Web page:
WHY DO SCHOOL DISTRICTS NEED TO GET INVOLVED?
The education of teens regarding sexual, domestic and other violence issues is critical. Teen dating violence and violence in general are growing epidemics among today’s youth. This is no longer a problem that can be solely addressed at home. Violence is a continued and growing problem in schools and communities which creates an atmosphere of fear that impedes the learning process.
Sexual behavior problems, sexual bullying, and sexual harassment in K-12 occur frequently. Bullying was ranked as the biggest problem effecting students ages 8-15 and sexual bullying, especially regarding sexual orientation, one of the most frequent forms of abuse. The media is filled with images that pair sex with violence and advertising messaging sells sex devoid of meaning, significance, or responsibility. Additionally, parents continue to be hesitant about proactively talking about sex and sexuality with their children. Due to these factors, young people are lacking the communication, empathy, compassion, accountability, and impulse control skills needed for healthy relationships, friendships, and respectful interactions.
Dating abuse among middle and high school students is a serious problem that contributes to sexual violence as well as domestic violence issues in adulthood. Due to normalization, students do not have a clear understanding of what constitutes abuse or what a healthy relationship looks like. Currently less than 25% of teens are reached with adequate safe date prevention education programs. It was found in the “Impact of the Economy and Parent/Teen Dialogue on Dating Relationships and Abuse Survey 2009,” that parents are ineffective in educating their children regarding the dangers of dating abuse. The survey found that 74% of boys and 66% of girls said that they have never had a dialogue with their parents on these issues. In addition, the majority of teens in abusive relationships have not talked to their parents about their problem.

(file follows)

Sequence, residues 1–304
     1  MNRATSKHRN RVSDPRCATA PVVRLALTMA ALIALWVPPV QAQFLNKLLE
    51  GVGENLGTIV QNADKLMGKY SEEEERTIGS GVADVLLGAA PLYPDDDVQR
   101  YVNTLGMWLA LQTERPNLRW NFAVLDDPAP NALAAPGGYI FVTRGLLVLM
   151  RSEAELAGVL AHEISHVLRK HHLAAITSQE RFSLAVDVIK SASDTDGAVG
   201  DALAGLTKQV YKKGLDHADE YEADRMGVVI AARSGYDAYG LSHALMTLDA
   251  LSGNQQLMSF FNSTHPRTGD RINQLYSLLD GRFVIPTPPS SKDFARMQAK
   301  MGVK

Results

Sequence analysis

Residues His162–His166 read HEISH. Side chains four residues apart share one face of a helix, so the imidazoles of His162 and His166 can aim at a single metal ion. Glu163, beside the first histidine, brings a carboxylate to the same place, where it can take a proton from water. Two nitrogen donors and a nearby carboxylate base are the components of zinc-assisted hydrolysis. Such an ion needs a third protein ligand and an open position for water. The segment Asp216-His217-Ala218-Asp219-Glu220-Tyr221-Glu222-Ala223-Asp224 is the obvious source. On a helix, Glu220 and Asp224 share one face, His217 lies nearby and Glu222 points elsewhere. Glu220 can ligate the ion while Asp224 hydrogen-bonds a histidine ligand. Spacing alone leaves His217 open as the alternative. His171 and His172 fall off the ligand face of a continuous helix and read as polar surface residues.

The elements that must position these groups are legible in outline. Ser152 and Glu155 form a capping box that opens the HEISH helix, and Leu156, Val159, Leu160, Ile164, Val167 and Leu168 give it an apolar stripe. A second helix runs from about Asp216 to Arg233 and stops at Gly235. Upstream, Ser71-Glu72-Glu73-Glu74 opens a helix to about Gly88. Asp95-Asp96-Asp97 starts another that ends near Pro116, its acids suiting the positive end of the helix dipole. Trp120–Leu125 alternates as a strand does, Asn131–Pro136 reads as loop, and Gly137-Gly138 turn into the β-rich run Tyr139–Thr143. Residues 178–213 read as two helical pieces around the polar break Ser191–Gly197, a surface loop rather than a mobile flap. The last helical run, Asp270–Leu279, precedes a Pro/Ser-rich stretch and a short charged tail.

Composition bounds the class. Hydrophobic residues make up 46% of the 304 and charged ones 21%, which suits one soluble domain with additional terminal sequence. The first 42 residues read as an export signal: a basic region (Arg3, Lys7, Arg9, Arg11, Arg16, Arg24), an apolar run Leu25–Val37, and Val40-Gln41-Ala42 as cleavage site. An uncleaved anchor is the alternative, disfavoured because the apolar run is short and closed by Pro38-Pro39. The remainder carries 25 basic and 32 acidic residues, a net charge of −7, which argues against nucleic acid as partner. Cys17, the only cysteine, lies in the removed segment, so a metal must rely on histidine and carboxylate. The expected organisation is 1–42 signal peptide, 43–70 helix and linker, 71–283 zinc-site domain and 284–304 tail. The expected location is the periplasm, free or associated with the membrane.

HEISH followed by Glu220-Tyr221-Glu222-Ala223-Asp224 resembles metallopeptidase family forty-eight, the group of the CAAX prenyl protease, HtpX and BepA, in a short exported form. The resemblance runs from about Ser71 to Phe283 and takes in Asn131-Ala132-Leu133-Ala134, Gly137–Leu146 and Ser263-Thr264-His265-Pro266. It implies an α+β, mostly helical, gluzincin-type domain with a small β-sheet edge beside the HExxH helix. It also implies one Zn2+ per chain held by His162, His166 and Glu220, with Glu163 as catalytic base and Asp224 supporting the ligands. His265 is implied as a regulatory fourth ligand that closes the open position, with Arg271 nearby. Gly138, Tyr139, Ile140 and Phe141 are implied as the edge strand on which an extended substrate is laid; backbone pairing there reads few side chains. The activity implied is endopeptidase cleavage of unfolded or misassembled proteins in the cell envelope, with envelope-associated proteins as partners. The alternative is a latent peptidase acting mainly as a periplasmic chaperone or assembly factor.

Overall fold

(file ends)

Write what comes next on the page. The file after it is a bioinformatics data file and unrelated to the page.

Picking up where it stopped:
The survey did find that 75% of teens who have been taught about dating abuse say it helped them to recognize the signs of abuse and avoid abusive relationships. Violence awareness and education is desperately needed with all school districts.
In a report commissioned by Liz Claiborne, Inc. and the Family Violence Prevention Fund, “Troubled Economy Linked to Increase of Teen Dating Violence and Abuse Survey 2009,” it was found that 67% of teens who witnessed abuse in their household also experienced some form of violence or abuse in their own dating relationships. This is a 50% higher rate of dating abuse as compared to teens who have not witnessed domestic violence in the home.
How Can We Change the Statistics?
It is a fact that unhealthy behaviors become cyclical and generational if left uninterrupted. It is also evident that education and public awareness has had a positive impact in prevention and that this cycle can be broken through compassion, intervention and providing the opportunity to learn healthy choices. The Crisis Shelter of Lawrence County strives to break the cycle of violence so that children will not adopt the destructive behaviors exhibited by parents. We educate children and families regarding vulnerability to predators over the internet, bullying and dating violence and educate the community regarding how to recognize at-risk children and intervene.